Snowfall DESTROYS Three Cars is an ongoing curatorial project with Zoë Sparks, with a focus on Youtube and other online repositories of human information. Like the internet at large, these screenshots, videos, webcams, texts, and websites are often aggressively hilarious, sometimes sad, and frequently both. Snowfall is, fundamentally, aggressive moments of peak human detritus gathered most lovingly.
Our first public screening of curated Youtube material was 2011.
In contrast to more conventionally manicured forms of mass visual media, YouTube offers the possibility of videos with subtler, more precise aesthetics that are closer to the metal of life. This level of closeness always has the possibility to be fascinating and rewarding—in a space like this the atmospheres that crystallize can have a poetic effect, allowing you to see an angle on being alive that viscerally resonates with you on contact although you've never imagined it. It can take work to have this experience—it can be tempting to detach from what’s happening and even casually mock it. This might feel safer and easier, but it's less rewarding—if you're willing to get right up close to these videos and stay there they'll bear more intriguing fruit.
That isn't necessarily to say that we endorse all of these videos. Some are twisted or misguided; others we do find genuinely beautiful. But all of them cast an interesting light on the interacting cultural and natural systems that produced them. The smoothest way to get into them, if you're looking for an angle, might be to treat them as having been selected dispassionately, and watching for your own reactions as you view them like you would in a museum context.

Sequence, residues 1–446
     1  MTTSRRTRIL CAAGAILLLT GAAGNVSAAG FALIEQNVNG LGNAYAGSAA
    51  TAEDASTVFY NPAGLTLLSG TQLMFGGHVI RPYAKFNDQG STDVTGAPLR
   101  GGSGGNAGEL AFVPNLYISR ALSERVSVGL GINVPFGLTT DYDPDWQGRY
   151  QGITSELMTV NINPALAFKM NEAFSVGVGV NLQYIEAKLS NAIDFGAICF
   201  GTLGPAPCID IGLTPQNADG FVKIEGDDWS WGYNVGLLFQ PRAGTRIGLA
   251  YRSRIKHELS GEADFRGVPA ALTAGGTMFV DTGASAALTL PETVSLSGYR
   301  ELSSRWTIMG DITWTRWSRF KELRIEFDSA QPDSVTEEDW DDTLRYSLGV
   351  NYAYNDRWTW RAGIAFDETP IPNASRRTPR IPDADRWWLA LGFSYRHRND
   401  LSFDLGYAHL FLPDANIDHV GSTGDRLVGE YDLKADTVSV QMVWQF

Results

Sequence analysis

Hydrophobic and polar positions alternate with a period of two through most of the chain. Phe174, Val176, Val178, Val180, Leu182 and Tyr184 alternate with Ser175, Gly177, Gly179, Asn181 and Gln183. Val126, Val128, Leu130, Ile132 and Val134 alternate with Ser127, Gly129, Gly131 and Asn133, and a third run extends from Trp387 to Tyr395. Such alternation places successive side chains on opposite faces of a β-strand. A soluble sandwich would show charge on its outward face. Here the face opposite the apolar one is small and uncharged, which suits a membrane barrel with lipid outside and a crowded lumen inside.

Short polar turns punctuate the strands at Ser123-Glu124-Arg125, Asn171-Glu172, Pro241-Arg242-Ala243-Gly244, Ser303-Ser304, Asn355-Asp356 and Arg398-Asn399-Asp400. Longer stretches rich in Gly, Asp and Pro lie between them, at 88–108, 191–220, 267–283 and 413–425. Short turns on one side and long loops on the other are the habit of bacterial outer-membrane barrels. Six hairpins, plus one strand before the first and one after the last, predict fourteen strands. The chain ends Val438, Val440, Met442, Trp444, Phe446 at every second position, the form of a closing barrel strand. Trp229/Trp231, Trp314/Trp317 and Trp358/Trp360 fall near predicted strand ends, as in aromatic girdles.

Watching with attention, one goes through the surface of the banal and emerges in a place where value judgements fail. Thinking this way, everything dissolves; the borders between a happy birthday and an industrial demo; the too-tame wildlife, a demolition derby; everything points at one another, becomes available.
This substrate of human media piles up in layers, a world-deep; one can excavate tunnels of viewed-ness in the mass; each link leads to another. But the act of watching (and certainly of categorizing, of curating) is violent. Which is to say; it is impossible to watch invisibly, without altering. My own viewing habits are taken into account by the sorting algorithm of Youtube. My playlists have redefined how these objects exist in relation to one another. Strangers are linked by my insistence that the video of the stranger-cat follows that of the chemical diagram. And it begs the question; are we failing these special things and their makers by crudely gathering them together and presenting them in such a way?
We have found that showing this computer-screen media at a large scale is helpful, as is audience entrapment. Perhaps the social pressure of the theatre is enough to make one look harder, or perhaps it is simply that the playlist has become a movie, and may not be clicked away from. Still, we find these pieces to be of fundamental importance; we hope that you can hold them as holy (like an icon or reliquary) in the same breath that they are silly, absurd, sad, tender, beautiful, disgusting, cute, hilarious, or triumphant. Thank you for spending the time.
(Please note that as we are interested in preserving the very particular quality of Youtube and internet based media, we do not download the videos and some have been deleted since the screening.)
- 2011 -- http://www.youtube.com/playlist?list=PLB8367A3D7478C3A4
- 2012 -- http://www.youtube.com/playlist?list=PLdm5JOTaGssCIjfIfzIuEEdaYXH4jARsr
- 2013 -- http://www.youtube.com/playlist?list=PLdm5JOTaGssD2GIz0G7UXmBCGNKs3MVa
- 2015 -- https://www.youtube.com/playlist?list=PLZq1-oIPehfSTZFXtLx7BYYU45fK1q22m
- Text from public talk at Lawrence Arts Center; Youtube Distillation; curating internet ephemera for pleasure and personal success.